When people say ‘Brooklyn renaissance,’ I say, ‘Yeah, man,’ says Brooklyn-based filmmaker Joshua Bee Alafia, director of a 33-minute Brooklyn kung-fu movie called The Anti-Vigilante. I feel it all the way out where I live in Flatbush. It’s not just happening in Williamsburg or Park Slope. It’s all over.
Renaissance might be too strong a word at this point. Despite such star-packed, borderline-Hollywood efforts as Noam Baumbach’s The Squid and the Whale, and such near-breakthrough Brooklyn indies as Mutual Appreciation (shot in Williamsburg by Bostonian Andrew Bujalski) and Four Eyed Monsters (by Bushwick residents Susan Buice and Arin Crumley), what’s happening in Brooklyn is still very much under the radar. It’s less a fullblown Renaissance than a percolating scene that has yet to erupt into national view. And Brooklyn isn’t the only city with a buzzing filmmaking scene. Relatively cheap and easy-to-learn digital filmmaking technologies and Internet-based forms of publicity and distribution (particularly downloads) have combined to allow a small army of moviemakers to learn an art form they might not have been able to afford ten years ago. (And if you doubt it, check out Google Video, which has become an international showroom for homemade film and video projects, some of them fascinating.)
That said, Alafia isn’t imagining things. Something is happening in the borough. And what’s distinctive about it is probably due to the collision of five critical factors: the aforementioned new technology; numerous Brooklyn-based festivals (including the Brooklyn Film Festival, the Brooklyn International Film Festival, the Brooklyn Underground Film Festival, Reel Sisters, Rooftop Films and the Brooklyn Jewish Film Festival); the relative health of the tax-break-encouraged New York film and TV industry, which allows the most talented or tenacious filmmakers to earn a living, or at least some walking-around money; a vast yet dense geographical area, served by the world’s most thorough subway system; and affordable rents, compared to much of Manhattan. (Unfortunately, the clock is ticking on that last factor, thanks to developers.)
The result of this convergence is a rare instance where the term filmmaking community isn’t a contradiction in terms. Unlike Los Angeles or even most parts of Manhattan, Brooklyn filmmakers don’t just live in the same area code and occasionally run into each other at screenings or parties. They live on the same city blocks, shop at the same stores, patronize the same restaurants and bars and see each other every day. And it’s a bit less competitive, image-driven and stressful than Manhattan. The borough gives artists emotional as well as physical space to do their thing.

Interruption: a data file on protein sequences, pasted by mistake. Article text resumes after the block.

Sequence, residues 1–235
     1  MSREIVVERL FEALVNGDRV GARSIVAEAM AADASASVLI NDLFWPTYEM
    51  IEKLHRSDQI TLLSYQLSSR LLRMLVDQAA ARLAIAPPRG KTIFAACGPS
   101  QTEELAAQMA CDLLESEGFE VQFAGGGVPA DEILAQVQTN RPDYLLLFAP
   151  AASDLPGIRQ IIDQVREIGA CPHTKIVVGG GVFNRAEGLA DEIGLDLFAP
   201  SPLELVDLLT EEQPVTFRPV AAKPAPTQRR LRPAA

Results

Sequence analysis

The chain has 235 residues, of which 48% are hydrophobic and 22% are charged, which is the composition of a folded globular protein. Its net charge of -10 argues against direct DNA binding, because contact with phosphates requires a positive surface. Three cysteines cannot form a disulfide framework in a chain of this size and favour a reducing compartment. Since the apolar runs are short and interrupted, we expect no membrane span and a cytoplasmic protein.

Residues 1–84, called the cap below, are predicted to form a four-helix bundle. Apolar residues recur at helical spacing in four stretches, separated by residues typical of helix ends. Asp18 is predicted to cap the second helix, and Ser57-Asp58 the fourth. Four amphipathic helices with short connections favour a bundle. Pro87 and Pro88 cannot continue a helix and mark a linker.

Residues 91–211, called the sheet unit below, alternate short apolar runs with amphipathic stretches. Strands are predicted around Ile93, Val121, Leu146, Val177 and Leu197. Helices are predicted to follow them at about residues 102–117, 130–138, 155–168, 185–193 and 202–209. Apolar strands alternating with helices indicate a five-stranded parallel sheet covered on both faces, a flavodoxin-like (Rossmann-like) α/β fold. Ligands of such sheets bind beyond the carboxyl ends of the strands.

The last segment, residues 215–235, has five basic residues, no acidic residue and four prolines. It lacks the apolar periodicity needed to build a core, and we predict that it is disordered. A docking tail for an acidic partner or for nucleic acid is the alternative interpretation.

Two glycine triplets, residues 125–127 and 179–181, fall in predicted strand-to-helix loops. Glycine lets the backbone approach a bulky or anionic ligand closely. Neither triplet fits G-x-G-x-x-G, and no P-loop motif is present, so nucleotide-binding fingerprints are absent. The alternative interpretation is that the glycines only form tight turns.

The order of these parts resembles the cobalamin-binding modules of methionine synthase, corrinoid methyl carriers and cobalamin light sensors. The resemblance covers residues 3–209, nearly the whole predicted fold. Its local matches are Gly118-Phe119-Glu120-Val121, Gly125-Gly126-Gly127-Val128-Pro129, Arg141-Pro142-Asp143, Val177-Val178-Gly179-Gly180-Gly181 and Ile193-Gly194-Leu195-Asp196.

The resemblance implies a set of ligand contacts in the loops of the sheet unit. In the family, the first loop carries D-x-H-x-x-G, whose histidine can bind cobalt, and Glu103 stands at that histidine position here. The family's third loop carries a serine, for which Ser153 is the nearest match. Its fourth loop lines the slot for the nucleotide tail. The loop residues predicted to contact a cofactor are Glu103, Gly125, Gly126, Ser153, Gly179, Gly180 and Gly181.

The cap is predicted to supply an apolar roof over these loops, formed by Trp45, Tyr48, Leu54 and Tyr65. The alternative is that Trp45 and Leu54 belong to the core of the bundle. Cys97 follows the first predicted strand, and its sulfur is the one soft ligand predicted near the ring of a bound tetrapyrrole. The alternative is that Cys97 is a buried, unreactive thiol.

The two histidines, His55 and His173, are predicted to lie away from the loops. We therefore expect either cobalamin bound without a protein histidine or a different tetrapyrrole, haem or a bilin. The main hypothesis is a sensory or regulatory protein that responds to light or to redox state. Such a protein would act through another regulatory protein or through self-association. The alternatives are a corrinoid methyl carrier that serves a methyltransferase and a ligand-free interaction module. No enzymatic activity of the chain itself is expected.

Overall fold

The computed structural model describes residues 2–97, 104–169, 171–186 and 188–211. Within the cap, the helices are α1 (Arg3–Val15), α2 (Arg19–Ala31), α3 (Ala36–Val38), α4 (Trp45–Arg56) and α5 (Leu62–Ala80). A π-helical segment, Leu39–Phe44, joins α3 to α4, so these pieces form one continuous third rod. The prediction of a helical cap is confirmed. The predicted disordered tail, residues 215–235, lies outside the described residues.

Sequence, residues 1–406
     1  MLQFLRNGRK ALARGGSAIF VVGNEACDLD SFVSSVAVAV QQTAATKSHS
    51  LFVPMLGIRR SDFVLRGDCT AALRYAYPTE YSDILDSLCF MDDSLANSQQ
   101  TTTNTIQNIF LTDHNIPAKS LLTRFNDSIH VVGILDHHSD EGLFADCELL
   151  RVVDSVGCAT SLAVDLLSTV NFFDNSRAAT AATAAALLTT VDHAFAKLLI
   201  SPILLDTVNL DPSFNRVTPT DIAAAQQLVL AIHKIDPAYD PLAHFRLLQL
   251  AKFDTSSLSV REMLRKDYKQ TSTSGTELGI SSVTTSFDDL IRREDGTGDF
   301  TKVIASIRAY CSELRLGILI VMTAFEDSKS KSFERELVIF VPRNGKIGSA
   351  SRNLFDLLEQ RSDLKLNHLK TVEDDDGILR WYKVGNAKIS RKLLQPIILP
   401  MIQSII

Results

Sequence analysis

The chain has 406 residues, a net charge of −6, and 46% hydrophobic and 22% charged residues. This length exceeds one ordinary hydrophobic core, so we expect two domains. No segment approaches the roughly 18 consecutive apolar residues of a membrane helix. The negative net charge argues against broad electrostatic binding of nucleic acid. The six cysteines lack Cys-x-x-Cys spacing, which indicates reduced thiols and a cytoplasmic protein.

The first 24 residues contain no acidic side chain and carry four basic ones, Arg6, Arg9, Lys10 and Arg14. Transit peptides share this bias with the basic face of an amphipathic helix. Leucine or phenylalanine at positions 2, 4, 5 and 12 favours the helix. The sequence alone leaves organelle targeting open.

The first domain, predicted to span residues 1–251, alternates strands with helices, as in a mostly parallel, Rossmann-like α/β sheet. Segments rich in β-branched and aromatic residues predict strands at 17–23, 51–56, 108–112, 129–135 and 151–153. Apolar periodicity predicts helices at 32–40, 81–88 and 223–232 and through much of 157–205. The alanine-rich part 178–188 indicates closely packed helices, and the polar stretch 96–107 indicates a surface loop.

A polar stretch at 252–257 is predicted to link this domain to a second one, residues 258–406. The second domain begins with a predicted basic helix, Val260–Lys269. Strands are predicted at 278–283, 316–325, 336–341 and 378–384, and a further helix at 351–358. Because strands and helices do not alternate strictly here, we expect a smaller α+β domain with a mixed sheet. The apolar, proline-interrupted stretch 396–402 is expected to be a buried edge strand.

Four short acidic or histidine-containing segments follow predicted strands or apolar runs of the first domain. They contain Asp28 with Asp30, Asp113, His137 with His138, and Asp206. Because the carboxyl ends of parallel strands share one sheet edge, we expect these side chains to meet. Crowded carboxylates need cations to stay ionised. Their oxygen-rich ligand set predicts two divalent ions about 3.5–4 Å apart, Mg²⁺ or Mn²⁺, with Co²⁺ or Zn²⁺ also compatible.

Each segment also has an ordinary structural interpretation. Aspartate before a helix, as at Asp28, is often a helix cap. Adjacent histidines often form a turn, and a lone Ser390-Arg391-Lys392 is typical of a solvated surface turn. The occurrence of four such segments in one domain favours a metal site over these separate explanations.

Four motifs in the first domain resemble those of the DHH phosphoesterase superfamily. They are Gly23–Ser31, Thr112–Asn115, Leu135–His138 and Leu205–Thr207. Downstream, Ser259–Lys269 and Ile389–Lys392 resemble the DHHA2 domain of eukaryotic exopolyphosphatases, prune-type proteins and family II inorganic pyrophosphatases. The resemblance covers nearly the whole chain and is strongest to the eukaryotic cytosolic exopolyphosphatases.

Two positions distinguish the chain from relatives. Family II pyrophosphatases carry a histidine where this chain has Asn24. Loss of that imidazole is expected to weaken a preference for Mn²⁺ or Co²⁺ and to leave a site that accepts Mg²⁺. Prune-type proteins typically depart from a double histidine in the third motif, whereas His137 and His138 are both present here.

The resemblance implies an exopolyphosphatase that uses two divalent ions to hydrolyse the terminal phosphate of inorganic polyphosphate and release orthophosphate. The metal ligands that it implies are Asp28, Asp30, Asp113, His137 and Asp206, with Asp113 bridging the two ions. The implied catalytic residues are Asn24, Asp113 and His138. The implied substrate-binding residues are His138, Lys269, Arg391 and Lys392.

Brooklyn has definitely supplanted the lower Manhattan of the late ’70s and early ’80s, the Jim Jarmusch era when a lot of young filmmakers were living on the Lower East Side on the cheap, and making small movies, says Bryan Wizemann, a Las Vegas native turned Clinton Hill resident who shot his first film, the existential gambling drama Losing Ground, at The Gate, a Park Slope bar. A lot of filmmakers, a lot of artists, have been priced out of Manhattan. I’ve noticed that when I pick up a new novel in the bookstore and flip to the back, it says, ‘so and so lives in Brooklyn.’
Brooklyn has the advantage of being in New York, but being a little outside the hustle and bustle, said Vladan Nikolic, a Belgrade native who shot his first feature, the romantic thriller Loveabout a Yugoslav hit man, his ex-wife and her cop loverin locations throughout Brooklyn. I keep discovering this place is full of filmmakers. Every day I run into people that are filmmakers or who know people who are filmmakers.
This literally pedestrian familiarity leads to friendship and collaboration, and a sense that just because filmmaking is a serious business doesn’t mean filmmakers can’t be generous to each other.
This is a referral-based industry, but I’ve gotten to the point where I know enough people that I don’t even have a reel, said Alafia. It’s been years since I got hired off a reel. What other places do you know where you can freelance as a cinematographer and editor without a reel?